Tuesday, January 30, 2018

Let's talk about #BellLetsTalk

For the life of me I can't decide if I want to keep blogging or not. 

I haven't posted since August (ish??), but believe me when I say I have tried. I currently have 19 half or almost finished posts that seem too forced, too fake or too unnecessary.

I sometimes feel like if I started posting again it would be met with a whole lot of judgement about leaving and coming back, especially since I see people plan weddings and have babies all without missing a scheduled post. 

I'm over here struggling to write 1 or 2 a week. So I stopped. But now I have something on my mind, that I feel as though I need to put out there or else I won't be true to me or true to the people who feel the same way I do. 

Tomorrow (January 31st, 2018) is #BellLetsTalk day. For every tweet with the hashtag, Facebook/ Snapchat frame used, text message sent and minute on a phone call, Bell will donate 5 cents to mental health initiatives around Canada. This is FANTASTIC and I can honestly say it is the one day a year I am proud to be with Bell. 

My concern is that people go ALL OUT for this one day a year. They tweet, text, post and promote mental health as though their lives depend on it.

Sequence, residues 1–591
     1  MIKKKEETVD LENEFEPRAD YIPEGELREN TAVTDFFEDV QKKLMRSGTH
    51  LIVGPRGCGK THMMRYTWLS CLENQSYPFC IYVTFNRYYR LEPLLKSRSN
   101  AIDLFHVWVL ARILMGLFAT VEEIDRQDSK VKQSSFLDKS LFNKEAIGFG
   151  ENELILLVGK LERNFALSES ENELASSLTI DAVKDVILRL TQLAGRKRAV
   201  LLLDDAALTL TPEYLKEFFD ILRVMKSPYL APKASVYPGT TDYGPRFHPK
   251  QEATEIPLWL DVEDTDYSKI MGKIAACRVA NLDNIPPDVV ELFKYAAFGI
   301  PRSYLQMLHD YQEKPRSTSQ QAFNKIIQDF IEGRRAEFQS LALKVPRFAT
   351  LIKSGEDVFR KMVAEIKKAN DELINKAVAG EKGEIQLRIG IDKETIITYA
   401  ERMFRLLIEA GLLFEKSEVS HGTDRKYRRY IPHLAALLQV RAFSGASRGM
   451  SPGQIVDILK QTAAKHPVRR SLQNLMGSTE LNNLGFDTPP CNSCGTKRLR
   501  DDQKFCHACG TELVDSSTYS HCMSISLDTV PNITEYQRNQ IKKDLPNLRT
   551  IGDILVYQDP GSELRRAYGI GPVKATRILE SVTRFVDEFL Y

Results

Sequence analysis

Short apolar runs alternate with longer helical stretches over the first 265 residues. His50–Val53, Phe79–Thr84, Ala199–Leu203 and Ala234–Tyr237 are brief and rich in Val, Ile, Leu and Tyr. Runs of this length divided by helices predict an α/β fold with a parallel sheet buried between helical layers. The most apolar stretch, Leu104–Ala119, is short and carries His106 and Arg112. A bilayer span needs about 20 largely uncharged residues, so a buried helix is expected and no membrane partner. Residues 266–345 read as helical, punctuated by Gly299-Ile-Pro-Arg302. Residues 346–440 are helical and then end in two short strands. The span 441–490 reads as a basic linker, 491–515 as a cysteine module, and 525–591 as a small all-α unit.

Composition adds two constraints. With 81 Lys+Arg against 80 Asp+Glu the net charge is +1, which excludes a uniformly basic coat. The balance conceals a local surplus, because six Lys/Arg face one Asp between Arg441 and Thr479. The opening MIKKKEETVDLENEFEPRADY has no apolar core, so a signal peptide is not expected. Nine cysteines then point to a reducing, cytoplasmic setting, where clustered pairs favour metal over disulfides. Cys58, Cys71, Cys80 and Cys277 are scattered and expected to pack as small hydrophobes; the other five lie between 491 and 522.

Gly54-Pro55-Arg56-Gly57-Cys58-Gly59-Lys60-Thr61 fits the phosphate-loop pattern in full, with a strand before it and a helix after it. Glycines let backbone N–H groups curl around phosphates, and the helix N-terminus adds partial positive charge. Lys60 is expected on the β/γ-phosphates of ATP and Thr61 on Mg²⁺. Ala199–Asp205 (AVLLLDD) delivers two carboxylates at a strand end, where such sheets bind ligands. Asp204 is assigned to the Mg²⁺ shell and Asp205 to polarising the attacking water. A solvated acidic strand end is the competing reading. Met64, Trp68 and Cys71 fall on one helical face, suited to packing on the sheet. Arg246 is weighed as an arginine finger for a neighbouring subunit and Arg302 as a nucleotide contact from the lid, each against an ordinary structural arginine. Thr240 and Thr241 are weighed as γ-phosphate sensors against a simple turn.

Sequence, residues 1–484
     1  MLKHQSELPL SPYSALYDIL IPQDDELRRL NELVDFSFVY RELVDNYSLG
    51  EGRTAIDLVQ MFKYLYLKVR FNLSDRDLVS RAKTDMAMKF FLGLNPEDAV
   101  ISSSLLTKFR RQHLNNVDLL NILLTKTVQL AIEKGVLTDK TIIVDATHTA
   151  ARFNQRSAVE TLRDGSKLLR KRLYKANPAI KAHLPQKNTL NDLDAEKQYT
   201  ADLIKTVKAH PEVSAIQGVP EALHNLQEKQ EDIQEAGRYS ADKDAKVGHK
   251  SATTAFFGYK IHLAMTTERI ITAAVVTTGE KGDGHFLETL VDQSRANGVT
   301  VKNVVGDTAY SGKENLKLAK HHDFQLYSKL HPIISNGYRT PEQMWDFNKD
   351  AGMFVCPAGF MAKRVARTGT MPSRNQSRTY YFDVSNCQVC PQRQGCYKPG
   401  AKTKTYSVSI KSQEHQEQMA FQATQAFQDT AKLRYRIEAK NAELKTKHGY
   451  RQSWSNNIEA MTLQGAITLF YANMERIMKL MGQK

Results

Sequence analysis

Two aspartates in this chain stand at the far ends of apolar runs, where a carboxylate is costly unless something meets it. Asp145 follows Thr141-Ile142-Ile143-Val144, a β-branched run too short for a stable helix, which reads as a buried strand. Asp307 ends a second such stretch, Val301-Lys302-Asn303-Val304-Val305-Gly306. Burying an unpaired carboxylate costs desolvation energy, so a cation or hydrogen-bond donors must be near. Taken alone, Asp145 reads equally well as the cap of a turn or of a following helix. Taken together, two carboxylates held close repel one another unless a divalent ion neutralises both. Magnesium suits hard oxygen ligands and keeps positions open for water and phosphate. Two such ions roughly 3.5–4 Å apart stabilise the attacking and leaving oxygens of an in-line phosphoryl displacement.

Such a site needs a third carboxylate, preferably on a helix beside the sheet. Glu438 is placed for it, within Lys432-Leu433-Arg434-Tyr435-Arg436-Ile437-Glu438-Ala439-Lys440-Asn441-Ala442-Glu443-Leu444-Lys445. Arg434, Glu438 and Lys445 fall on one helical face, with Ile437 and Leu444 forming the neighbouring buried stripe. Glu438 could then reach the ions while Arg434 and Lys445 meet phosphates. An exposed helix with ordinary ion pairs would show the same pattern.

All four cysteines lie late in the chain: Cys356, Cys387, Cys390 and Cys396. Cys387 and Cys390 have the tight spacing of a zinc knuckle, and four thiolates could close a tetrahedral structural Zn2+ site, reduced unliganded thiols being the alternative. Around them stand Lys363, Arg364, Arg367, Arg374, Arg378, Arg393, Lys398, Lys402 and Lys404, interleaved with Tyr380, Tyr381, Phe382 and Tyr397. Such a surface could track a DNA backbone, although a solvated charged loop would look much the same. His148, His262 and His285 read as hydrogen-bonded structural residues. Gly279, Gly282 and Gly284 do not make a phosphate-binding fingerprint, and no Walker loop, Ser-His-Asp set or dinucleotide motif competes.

But some people's lives do. 

I am lucky enough to have my mental illness (GAD, PD & Depression) under control 90% of the time. I know that through a combination of exercise, medication, therapy and getting enough sleep I can function at full capacity. But that is a 24/7/365 effort. I can't look after myself for one day and expect to be fine for the rest of the year. 


So I don't understand why promoting mental health initiatives can be acceptable for one day of the year and then ignore them for the rest of the time? 

Tweeting about acceptance is wonderful, but why don't we try really being accepting? 

Why don't we text a friend we know is struggling on a snowy day in February when they might be feeling extra down? 

Why not meet someone for a walk one day in the middle of August? 

Why not give someone a call on a September day when they cross your mind? 

Why not refrain from making comments about how someone looks when it might have been all they could do to get out of bed one day? 

Why not just accept people are the way they are and when they try to talk about their mental illness don't say "not this again

Why not try to comfort someone when they're spiralling instead of calling them depressing when they leave the room? 
(It may quite literally be the depression) 

Ending the stigma around mental health requires more than one day of activism. It requires dedication, dead ends, perseverance and passion. It requires people putting in the effort, sending the tweet and standing up for people who are ashamed to stand up for themselves day after day. 

All in all, #BellLetsTalk is a GREAT initiative. I am so proud of the strides our communities have made throughout mental health and addictions, I just believe it needs to be more consistent. 

So text, tweet and post all you can tomorrow! 

Then keep talking about it. 





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